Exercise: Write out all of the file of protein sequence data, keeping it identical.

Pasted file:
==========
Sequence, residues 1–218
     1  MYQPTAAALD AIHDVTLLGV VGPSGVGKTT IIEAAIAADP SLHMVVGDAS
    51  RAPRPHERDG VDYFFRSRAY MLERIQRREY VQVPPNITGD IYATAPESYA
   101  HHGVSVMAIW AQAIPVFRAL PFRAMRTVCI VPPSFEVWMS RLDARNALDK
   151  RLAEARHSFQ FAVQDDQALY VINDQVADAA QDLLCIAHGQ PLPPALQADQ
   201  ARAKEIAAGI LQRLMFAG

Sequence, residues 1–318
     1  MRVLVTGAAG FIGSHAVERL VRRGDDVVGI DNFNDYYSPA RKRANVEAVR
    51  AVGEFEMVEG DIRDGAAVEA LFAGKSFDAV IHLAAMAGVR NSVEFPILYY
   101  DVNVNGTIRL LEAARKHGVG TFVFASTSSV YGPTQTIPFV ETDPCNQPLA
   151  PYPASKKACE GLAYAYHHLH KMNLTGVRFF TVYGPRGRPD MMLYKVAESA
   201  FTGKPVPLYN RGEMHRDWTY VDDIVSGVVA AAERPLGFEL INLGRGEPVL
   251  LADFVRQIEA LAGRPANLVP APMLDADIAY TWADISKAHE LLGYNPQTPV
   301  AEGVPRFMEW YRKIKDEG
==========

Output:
Sequence, residues 1–218
     1  MYQPTAAALD AIHDVTLLGV VGPSGVGKTT IIEAAIAADP SLHMVVGDAS
    51  RAPRPHERDG VDYFFRSRAY MLERIQRREY VQVPPNITGD IYATAPESYA
   101  HHGVSVMAIW AQAIPVFRAL PFRAMRTVCI VPPSFEVWMS RLDARNALDK
   151  RLAEARHSFQ FAVQDDQALY VINDQVADAA QDLLCIAHGQ PLPPALQADQ
   201  ARAKEIAAGI LQRLMFAG

Sequence, residues 1–318
     1  MRVLVTGAAG FIGSHAVERL VRRGDDVVGI DNFNDYYSPA RKRANVEAVR
    51  AVGEFEMVEG DIRDGAAVEA LFAGKSFDAV IHLAAMAGVR NSVEFPILYY
   101  DVNVNGTIRL LEAARKHGVG TFVFASTSSV YGPTQTIPFV ETDPCNQPLA
   151  PYPASKKACE GLAYAYHHLH KMNLTGVRFF TVYGPRGRPD MMLYKVAESA
   201  FTGKPVPLYN RGEMHRDWTY VDDIVSGVVA AAERPLGFEL INLGRGEPVL
   251  LADFVRQIEA LAGRPANLVP APMLDADIAY TWADISKAHE LLGYNPQTPV
   301  AEGVPRFMEW YRKIKDEG